|Date(s):||September 23, 1968|
|Location(s):||St Louis City, Missouri|
|Tag(s):||Total War, Indians, letters, General Sherman|
|Course:||“Civil War and Reconstruction,” Juniata College|
On September 23, 1868 General William T. Sherman wrote to his brother Senator John Sherman from the headquarters of the Military Division of Missouri. In his letter Sherman discussed the ensuing struggles between the United States Army and the Plains Indians and expressed some of his thoughts on how best to deal with the situation. Many of these thoughts appear to point to one thing: Total War.
After being placed in command of the Military Division of the Mississippi (renamed the Missouri a year later) in July of 1865, Sherman appears to have built upon the “hard war” tactics of destroying homes and property that he utilized during the American Civil War and developed a “total war” strategy by which to deal with the Plains Indians. Explaining in his letter that all Indians have been provided with reservations on which to live, Sherman concluded, “All (Indians) who cling to their old hunting grounds are hostile and will remain so till killed off.” He continued by calling the conflict a “predatory war” and insisted that the U.S. Army must “take chances and clean out Indians as we (the army) encounter them.”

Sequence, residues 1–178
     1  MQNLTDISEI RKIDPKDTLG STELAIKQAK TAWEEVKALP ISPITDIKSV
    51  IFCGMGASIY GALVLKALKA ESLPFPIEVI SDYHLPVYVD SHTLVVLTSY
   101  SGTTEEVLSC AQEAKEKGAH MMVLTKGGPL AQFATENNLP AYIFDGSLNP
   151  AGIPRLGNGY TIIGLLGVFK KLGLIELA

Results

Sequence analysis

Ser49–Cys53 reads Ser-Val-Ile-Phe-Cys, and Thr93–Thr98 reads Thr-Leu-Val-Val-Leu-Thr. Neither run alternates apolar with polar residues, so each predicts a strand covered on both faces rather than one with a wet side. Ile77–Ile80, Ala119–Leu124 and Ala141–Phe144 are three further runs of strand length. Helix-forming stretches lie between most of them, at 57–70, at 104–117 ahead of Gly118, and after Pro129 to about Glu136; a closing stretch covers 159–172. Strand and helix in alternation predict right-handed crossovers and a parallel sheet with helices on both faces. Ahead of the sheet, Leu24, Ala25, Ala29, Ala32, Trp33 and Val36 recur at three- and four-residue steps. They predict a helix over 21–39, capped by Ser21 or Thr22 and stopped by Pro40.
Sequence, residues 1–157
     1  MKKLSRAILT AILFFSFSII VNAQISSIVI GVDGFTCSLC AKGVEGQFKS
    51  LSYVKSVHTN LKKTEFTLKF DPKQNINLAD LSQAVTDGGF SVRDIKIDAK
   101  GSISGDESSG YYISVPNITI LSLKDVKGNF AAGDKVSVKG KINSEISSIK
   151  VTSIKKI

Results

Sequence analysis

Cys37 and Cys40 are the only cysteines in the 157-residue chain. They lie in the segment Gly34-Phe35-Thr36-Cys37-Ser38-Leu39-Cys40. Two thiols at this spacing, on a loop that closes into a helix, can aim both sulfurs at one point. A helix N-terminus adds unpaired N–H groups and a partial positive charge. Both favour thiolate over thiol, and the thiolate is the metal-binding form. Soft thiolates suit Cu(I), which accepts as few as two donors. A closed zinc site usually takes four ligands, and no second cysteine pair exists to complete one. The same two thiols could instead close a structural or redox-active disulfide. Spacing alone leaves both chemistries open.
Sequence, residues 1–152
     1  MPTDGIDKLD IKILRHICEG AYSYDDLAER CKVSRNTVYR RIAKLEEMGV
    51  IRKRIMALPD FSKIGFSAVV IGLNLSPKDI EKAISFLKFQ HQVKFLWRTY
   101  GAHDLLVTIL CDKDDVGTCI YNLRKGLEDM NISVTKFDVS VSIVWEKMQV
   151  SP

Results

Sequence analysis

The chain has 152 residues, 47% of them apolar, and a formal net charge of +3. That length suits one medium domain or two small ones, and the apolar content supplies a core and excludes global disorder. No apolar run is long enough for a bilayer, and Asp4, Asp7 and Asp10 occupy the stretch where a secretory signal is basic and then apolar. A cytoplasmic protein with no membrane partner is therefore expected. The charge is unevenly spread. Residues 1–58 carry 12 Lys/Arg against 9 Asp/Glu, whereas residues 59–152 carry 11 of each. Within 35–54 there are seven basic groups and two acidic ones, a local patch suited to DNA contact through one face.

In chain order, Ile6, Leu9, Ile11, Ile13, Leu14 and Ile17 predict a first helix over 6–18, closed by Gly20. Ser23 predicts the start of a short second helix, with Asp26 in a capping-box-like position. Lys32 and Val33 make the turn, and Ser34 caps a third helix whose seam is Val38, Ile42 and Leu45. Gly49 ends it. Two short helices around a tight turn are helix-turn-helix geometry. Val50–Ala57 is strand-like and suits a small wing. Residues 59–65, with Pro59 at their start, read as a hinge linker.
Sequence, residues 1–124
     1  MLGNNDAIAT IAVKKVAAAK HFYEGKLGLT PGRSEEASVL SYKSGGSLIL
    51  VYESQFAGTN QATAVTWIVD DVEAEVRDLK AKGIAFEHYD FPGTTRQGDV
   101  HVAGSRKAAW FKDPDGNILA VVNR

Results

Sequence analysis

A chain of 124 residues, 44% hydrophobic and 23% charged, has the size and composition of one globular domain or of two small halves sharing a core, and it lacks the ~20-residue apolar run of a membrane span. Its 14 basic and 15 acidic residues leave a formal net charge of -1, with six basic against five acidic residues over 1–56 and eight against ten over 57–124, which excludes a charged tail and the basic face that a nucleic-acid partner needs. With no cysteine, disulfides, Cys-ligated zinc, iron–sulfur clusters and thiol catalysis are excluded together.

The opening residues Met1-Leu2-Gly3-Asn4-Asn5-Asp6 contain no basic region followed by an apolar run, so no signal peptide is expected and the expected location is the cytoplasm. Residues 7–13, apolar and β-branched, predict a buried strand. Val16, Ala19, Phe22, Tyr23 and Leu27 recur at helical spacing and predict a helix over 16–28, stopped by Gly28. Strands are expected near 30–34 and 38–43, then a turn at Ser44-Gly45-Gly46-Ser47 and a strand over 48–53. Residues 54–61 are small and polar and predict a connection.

This strategy was not applied only to Indian men. On the topic of Indians, Sherman is quoted in a work by historian John F. Marszalek to have said, “During an assault, the soldiers can not pause to distinguish between male and female, or even discriminate age. As long as resistance is made, death must be meted out, but the moment all resistance ceases, the firing will stop and all survivors turned over to the proper Indian agent.”
According to Marszalek, Sherman believed strongly in the social Darwinian philosophy that had become popular in the years following the Civil War and viewed the Indians as inferior beings who were standing in the way of Whites and the progress of modern American Culture. Historian Michael Fellman supports these claims asserting that Sherman indeed agreed strongly with the idea of “Natural Law” and quotes him as saying, “It is an inevitable conflict of races, one that must occur when a stronger gradually displaces a weaker” While very alien to a Twenty-first century audience, perhaps it was this set of beliefs that, in Sherman’s eyes, justified such a brutal strategy. Regardless of his ethical motivations, Sherman’s actions earned him a harsh image as an Indian killer, which would stay with him long after his death. Sherman appears to have been superb at one particular thing: waging all out war on the enemies of the United States. It is for this talent that he is most often remembered, revered, loved, and hated.